Tonight after Malia’s soccer game we decided to go to an ice cream shop for a treat. The tables were outside, and on the first “Florida Fall” night of the year (a “cool” 74 degrees), there were many others who had the same idea. As I sat looking around at the other customers, I noticed how different we all were. There was my family, with two children ages three and under, there were two women who were catching each other up on their lives. They had brought photos to share and were excitedly updating each other on mutual friends and family. There was a couple who was obviously at the beginning of a dating relationship, as they seemed nervous, and although flirtatious, didn’t sit too close to each other. There was also a couple in their 60s who had brought the man’s elderly father with them, who couldn’t have been any younger than 90. He moved slowly with a walker and seemed to be enjoying every single bite of his ice cream cone. There were a few other families, each with kids of varying ages, some coming after a soccer game, just like us.
It occurred to me that even though we all seemed so different, we had this one thing in common: we all wanted ice cream tonight. Now, that’s not such a huge deal, and certainly not a reason for us to unite together for some great cause, but we all came from whatever point in life we were, and for a brief blip on the radar, we sat together enjoying ice cream. I looked at my son, who was enjoying his first-ever big boy ice cream cone. I glanced back over at the elderly man, and couldn’t help but wonder how many ice cream cones he had eaten in his life, and whether or not this would be the last time he was here enjoying one. He looked at my son and smiled, and I thought of how wonderful it was to be sitting there with one boy at the very beginning of his life, and one man nearing the end of his, both doing the same thing…eating ice cream. I thought of all the man had been through, and I wondered if he had had a good life. One glance at Gianni with ice cream all over his face, and I thought of what lay ahead for him, and said a quick prayer that he would have a good life, and that he would become the man God wanted him to be.
At one point, a man came by and handed us some napkins. He said that he had been given too many, and I guess it was very obvious that we were going to need more. I thanked him, and he sat back down and began talking to his wife. Chances are that I will never see him again, but sometimes it feels good to just get a little bit of kindness from a stranger. Even though it wasn’t a big deal to hand us a napkin, it was a little tag at the end of the day, reminding me that there are still people out there who notice the needs of others and who make it a point to meet those needs.
The whole experience at the ice cream shop lasted fewer than thirty minutes, but it got my mind thinking about Gary. Gary is a man in his 60s who in I met when I lived in Haiti. He is from the Seattle area, and we taught at the same school in Port-au-Prince. We both lived there at the school, and he was the only American I knew in Haiti. The first day we met, he was sitting out on the stoop to his room, watching The Simpsons on TV. I introduced myself and noticed that he had a gold front tooth with a peace symbol on it. He was under the impression that he was in Haiti to teach English to adults. There must have been some communication failure, because he landed in a classroom full of second graders and had no clue what he was doing. A kindergartener at the school asked him to tie her shoe, and he said, “God! No! Aren’t you supposed to be able to do that? That should be a prerequisite to get into school!”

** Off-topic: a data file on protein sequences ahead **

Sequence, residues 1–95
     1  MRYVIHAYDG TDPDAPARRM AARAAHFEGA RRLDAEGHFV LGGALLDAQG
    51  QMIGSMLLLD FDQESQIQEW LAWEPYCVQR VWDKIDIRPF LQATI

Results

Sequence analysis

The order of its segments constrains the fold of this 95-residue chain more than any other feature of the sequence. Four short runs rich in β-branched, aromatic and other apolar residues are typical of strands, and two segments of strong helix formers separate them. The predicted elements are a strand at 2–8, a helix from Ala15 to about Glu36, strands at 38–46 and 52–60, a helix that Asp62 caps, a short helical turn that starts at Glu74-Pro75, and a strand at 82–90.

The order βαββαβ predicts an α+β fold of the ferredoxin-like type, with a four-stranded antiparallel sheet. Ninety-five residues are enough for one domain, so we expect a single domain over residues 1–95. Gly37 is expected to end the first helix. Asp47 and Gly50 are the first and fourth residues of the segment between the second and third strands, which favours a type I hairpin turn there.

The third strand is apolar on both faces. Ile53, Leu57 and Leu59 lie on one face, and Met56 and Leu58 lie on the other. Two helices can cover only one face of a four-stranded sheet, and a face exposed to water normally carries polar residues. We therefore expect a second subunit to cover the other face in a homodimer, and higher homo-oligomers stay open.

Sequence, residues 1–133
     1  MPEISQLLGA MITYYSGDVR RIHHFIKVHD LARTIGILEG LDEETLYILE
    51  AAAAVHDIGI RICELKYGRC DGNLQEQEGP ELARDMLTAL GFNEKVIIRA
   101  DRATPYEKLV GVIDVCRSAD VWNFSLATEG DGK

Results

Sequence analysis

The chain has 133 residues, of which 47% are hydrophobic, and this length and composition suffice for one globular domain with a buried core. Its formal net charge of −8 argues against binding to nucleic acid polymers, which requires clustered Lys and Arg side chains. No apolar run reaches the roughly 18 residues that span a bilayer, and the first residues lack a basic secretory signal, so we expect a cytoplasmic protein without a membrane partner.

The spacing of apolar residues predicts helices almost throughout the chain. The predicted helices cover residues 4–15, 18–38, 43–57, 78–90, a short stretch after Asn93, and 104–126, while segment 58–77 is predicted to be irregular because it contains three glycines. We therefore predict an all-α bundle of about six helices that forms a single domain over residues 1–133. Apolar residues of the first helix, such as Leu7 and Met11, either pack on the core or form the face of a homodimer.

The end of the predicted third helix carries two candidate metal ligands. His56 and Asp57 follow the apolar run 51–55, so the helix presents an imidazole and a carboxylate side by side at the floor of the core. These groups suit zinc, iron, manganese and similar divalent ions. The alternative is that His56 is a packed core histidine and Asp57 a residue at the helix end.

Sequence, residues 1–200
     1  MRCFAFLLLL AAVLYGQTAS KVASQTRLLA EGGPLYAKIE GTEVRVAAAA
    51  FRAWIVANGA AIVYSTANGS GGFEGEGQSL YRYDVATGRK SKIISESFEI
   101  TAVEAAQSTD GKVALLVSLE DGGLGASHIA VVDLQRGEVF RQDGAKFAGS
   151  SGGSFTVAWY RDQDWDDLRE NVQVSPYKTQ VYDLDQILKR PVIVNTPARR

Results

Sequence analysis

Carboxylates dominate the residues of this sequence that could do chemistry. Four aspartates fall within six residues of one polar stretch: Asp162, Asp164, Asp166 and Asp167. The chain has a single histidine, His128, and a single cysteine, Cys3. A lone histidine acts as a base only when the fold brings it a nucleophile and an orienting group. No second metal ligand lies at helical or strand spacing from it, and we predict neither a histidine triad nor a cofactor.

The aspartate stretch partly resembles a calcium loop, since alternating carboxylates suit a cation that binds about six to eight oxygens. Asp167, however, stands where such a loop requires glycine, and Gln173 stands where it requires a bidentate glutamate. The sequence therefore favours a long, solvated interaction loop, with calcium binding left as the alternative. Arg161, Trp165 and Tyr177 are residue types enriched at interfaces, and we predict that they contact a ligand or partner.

Gary and I were as opposite as any two people could be. We could hardly find ground that we agreed on. However, because he was the only other English-speaking person around, he became my friend. The president of Haiti would cut the electricity for all of Port-au-Prince and Gary and I would sit in the pitch black, with the sounds of voodoo ceremonies in the background, and debate politics, religion, or which of the Golden Girls was the best. On weekends, we would pay ridiculous amounts of money to get in the back of a semi- truck with pigs and goats and travel to orphanages high in the mountains. For the time that we lived there, he was a father, a neighbor, an older brother, and a friend to me. Had we met in the U.S., we never would have even had ice cream together. But I learned so much from Gary, and I also learned a valuable lesson in kindness and respect for others, no matter if they think like me or not. Gary taught me that I can listen with respect to the opinions of others, and that if I really, truly, believe something, I should never be ashamed of it, and should never cower or hide my passion just because someone else may disagree.
I think that God brings all sorts of people into our lives, whether it’s for a short time, like those folks at the ice cream shop, or for a longer time, like Gary. He never brings just the people that He knows we would get along with; He also brings people who challenge us, who challenge our faith, and who, perhaps, we can point toward Him. Christ died for every single person at that ice cream shop, and He died for Gary, and He died for me. Whether we happen to be all enjoying a cone at the same time, or whether we are out trying to save the world, it's interesting to see all the different people who come across our paths in life, knowing that God loves us all.